In 1857, Chancellor Eliot wanted a school of art for Washington University. The O’Fallon Polytechnic Institute had made a modest beginning with its small School of Design. When O’Fallon was sold, this program became part of the University’s Polytechnic Department, and was renamed the “School of Art and Design” in 1871. In November 1874, the University hired drawing instructor Halsey C. Ives, who later became a full professor and added painting, sculpture, and decorative arts to the curriculum. In 1878, the only son of Wayman Crow, Wayman Crow, Jr., died, so he decided to give the University a new museum in his son’s honor, the St. Louis Museum of Fine Arts, dedicated in May 1881 at the corner of 19th and Locust. With this new building, the University agreed to create an independent School of Fine Arts. In 1909, The School moved to the new campus into the building that had been the British Pavilion during the 1904 Louisiana Purchase Exposition, this was a temporary building made out of wood frame and plaster. Its long gallery was an accurate reproduction of the Orangery in Kensington Gardens in England. In 1926, the School of Fine Arts received a new building, Bixby Hall, on the Hilltop Campus.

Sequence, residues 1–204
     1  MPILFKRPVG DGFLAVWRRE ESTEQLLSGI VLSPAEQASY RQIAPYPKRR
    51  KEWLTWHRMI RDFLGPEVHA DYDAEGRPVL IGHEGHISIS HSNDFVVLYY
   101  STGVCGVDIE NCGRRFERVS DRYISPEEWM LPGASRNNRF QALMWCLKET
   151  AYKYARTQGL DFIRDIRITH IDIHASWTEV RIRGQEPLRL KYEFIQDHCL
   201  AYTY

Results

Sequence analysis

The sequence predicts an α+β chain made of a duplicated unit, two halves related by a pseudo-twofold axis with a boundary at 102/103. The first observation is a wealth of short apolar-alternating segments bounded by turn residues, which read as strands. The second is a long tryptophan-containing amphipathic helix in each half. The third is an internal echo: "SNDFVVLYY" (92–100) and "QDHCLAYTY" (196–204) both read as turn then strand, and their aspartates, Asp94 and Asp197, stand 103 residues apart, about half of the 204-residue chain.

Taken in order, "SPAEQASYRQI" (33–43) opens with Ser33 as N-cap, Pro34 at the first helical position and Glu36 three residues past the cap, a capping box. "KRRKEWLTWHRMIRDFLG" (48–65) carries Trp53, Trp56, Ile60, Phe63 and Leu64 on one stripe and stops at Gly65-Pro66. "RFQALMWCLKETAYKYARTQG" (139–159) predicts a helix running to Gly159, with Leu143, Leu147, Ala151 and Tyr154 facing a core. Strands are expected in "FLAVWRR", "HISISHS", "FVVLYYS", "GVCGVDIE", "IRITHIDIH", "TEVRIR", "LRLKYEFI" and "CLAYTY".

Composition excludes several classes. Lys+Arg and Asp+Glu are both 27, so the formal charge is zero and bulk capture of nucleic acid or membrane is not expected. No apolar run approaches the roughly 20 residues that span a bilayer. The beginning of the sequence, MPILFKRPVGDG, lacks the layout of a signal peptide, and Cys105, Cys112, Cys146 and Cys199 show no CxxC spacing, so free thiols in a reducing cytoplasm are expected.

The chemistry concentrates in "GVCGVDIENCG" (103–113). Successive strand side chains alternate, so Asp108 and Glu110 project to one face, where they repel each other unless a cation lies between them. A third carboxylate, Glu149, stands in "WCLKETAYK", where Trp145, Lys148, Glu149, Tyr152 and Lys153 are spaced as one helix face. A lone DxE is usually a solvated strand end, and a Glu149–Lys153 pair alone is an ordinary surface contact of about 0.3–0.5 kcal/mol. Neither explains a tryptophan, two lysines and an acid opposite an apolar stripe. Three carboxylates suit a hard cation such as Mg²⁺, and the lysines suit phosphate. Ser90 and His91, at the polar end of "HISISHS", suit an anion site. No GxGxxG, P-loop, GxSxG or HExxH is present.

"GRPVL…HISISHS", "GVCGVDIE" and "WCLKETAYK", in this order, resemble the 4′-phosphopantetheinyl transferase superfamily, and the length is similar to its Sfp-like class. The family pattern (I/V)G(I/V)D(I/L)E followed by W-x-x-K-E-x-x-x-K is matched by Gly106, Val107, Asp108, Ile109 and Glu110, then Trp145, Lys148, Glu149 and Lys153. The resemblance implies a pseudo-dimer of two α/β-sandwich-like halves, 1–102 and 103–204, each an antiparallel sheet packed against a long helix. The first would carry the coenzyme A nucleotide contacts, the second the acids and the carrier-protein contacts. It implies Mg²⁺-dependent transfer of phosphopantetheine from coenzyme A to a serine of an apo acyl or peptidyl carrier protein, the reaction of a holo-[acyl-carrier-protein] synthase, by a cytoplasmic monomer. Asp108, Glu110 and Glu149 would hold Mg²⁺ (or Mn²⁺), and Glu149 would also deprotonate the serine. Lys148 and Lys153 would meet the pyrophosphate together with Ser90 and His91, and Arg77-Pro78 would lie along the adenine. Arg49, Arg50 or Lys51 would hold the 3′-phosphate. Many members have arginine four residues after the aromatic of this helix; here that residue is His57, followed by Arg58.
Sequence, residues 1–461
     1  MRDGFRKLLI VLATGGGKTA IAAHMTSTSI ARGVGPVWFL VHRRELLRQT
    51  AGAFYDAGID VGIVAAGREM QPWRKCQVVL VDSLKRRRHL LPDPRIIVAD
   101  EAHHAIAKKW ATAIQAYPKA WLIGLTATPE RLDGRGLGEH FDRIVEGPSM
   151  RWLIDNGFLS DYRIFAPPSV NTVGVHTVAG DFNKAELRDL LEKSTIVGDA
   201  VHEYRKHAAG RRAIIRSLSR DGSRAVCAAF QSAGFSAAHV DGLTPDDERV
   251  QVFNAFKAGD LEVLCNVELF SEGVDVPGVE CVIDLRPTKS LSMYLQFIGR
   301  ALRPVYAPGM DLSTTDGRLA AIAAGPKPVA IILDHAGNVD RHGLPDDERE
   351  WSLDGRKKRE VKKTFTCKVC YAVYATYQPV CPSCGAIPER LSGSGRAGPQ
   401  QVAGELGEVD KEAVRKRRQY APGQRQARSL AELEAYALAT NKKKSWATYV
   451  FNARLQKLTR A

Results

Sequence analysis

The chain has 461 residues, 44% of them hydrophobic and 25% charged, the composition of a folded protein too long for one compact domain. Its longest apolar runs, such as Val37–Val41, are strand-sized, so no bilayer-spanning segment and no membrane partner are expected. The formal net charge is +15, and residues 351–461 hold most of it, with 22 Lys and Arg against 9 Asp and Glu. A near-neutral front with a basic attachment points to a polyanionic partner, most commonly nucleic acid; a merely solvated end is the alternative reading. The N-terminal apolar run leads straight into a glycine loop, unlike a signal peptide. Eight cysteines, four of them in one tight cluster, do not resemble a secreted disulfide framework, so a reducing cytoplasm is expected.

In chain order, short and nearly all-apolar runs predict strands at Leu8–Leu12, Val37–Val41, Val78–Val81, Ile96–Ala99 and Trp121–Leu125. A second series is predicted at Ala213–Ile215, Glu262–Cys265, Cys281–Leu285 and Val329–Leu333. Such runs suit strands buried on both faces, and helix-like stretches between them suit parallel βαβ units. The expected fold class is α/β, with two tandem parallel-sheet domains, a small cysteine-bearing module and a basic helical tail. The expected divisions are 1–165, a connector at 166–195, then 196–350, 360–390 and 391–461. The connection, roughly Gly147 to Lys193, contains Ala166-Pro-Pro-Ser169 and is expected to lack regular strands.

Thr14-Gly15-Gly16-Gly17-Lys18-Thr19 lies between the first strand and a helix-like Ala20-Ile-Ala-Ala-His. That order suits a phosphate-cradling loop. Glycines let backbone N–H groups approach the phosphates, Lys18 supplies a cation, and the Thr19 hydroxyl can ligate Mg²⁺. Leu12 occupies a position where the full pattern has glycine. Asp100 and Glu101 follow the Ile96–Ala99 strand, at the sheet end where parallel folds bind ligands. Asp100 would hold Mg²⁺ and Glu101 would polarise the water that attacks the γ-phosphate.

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This material was donated to the University Archives.
Oversize 1903 group photographs and accompanying document donated by Edward Gill, School of Dental Medicine, circa 1986.
For related materials see the Gallery of Art Administrative Files, held by University Archives. Also - Maud edited by Richard Lee Strout (NY: McMillan, Co, 1939) for published diary entries of Isabella Maud Rittenhouse Mayne – a student at the School of Fine Arts in 1886-1887. (PS3525 A982 Z64)
Preferred Citation: [Item description]. From the [collection title, series, box, folder]. University Archives, Washington University in St. Louis.
Finding Aid Revisions: This finding aid was entered into Archon by Bianca Lopez in June 2012. Updated by Sarah Schnuriger in July 2016.
Scope and Contents: This collection contains historical materials from the School of Art, including correspondence, faculty minutes, programs, bulletins, promotional materials, publications, scrapbooks, photos, ledgers, and student artwork.